Childhood Cancer 2016: Conference review

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Published: 26 Sep 2016
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Prof Persis Amrolia - Great Ormond Street Hopsital for Children, London, UK

Prof Amrolia meets with ecancertv at Childhood Cancer 2016 to discuss novel immunotherapies.

He highlights CAR T cells as a promising avenue of research, with video interviews of presenting authors availble through ecancer here.


Childhood Cancer 2016

Childhood Cancer 2016: Conference review

Prof Persis Amrolia - Great Ormond Street Hopsital for Children, London, UK

Today was part of a meeting sponsored by Children With Cancer about how we can improve the outcomes for children with cancer. At the moment the results with acute leukaemias, other forms of childhood cancer, are very good compared to adult cancer but there remain a proportion of patients who are completely refractory to existing therapies. So we have to think about new ways of targeting the disease in those patients and today’s meeting was about harnessing the power of the immune system to try and treat otherwise untreatable cancers in children.

Were there any highlights from the meeting?

Yes, there were some amazing talks. We had two fantastic talks from American colleagues who are pioneering a way of genetically modifying immune cells called T-cells so that they recognise  leukaemia and now we’re moving on to other malignancies. This is an approach called CAR T-cell transfer and we’re seeing extraordinary results in a number of different institutions, both in the States and now we’re beginning to open those studies in the UK. The challenge is now going to be to try and extend those results from ALL, acute lymphoblastic leukaemia, which is the relatively low hanging fruit and easy to target, to other solid malignancies which may prove more difficult.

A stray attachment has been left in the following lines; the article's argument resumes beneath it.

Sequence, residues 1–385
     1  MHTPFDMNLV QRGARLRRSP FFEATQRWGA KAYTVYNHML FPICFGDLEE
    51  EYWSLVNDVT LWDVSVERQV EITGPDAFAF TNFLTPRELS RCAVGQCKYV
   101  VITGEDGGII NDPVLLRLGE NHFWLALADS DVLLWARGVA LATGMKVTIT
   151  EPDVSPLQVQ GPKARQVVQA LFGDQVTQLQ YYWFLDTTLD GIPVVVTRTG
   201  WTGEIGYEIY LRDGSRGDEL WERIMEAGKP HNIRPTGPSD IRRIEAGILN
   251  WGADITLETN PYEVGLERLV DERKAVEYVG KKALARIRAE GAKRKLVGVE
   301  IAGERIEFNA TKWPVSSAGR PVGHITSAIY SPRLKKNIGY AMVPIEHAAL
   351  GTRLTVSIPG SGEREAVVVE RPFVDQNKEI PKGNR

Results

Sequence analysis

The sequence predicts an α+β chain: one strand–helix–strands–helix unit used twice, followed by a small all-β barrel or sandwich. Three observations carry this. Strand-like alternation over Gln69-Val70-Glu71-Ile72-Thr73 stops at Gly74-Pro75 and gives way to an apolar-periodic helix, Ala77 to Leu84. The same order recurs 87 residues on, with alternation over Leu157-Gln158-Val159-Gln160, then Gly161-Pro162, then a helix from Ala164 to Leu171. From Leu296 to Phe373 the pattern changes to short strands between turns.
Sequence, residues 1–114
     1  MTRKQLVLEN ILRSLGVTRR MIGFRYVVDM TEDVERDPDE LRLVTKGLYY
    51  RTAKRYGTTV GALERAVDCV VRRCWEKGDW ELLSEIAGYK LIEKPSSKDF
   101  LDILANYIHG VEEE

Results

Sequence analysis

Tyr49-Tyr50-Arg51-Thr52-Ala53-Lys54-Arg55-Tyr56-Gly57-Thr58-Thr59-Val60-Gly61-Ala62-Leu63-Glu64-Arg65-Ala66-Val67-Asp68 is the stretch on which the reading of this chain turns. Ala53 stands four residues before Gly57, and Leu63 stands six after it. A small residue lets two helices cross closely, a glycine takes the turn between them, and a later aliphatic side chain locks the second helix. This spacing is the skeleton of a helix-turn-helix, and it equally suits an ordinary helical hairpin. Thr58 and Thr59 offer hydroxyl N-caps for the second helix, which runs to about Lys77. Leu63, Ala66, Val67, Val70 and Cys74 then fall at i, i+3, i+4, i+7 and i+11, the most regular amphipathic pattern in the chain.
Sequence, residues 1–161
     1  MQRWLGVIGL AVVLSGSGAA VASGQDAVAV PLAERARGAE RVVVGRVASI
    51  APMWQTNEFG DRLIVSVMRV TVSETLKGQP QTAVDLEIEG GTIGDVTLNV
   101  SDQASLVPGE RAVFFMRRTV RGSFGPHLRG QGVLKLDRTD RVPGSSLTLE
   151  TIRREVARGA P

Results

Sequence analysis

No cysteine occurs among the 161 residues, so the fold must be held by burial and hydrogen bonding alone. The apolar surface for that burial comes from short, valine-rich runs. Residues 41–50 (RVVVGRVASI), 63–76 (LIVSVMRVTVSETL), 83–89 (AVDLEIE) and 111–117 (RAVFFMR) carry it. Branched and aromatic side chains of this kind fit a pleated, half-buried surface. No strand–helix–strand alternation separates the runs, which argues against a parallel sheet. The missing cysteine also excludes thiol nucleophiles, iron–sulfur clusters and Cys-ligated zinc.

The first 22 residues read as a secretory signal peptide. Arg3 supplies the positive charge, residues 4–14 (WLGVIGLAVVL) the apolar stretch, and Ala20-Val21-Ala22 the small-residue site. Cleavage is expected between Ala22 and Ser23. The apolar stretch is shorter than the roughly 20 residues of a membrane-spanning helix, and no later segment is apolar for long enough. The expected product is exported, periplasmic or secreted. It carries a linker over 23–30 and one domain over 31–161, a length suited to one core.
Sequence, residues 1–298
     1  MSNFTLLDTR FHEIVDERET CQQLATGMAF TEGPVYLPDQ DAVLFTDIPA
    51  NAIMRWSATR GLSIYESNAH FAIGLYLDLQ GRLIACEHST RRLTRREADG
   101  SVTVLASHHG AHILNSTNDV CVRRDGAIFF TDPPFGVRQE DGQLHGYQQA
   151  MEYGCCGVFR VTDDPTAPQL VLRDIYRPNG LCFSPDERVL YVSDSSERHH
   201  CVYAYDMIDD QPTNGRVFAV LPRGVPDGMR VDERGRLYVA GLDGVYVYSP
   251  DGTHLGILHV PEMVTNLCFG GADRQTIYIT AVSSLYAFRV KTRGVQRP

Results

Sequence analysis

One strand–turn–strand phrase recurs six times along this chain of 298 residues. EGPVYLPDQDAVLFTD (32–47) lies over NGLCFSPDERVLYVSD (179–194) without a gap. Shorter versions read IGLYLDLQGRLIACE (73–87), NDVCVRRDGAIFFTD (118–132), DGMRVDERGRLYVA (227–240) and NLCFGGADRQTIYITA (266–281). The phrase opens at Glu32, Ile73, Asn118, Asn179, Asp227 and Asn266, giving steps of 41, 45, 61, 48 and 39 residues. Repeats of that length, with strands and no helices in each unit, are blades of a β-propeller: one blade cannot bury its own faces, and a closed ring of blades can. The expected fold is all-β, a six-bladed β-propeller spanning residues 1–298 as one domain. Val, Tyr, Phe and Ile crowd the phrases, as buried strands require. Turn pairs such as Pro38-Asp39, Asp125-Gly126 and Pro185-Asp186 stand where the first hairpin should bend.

What sorts of discussions took place?

We were discussing which of these technologies… there are various different approaches that one could take: antibody-based approaches, T-cell based approaches, vaccination approaches, and we were discussing which of these approaches is appropriate for which kind of disease, which is looking more promising for specific diseases and what are the sort of logistic barriers to taking this forward from small phase I studies in 10-20 patients to making it routine use in hundreds or thousands of patients.

Were there treatment options that stood out as preferential following that discussion?

I think the likelihood is that there will be specific therapies that have individual niches and it may be that one approach is better for one disease and other approaches are better for other diseases. Ultimately I think it’s likely that these things will be determined empirically by doing clinical trials.

What are your thoughts on the conference?

Well it’s been a very inspiring conference, we have had some really excellent speakers and I guess all these conferences you network with other people, you come up with ideas for new approaches and it will be very interesting to see how these things develop over the next few years.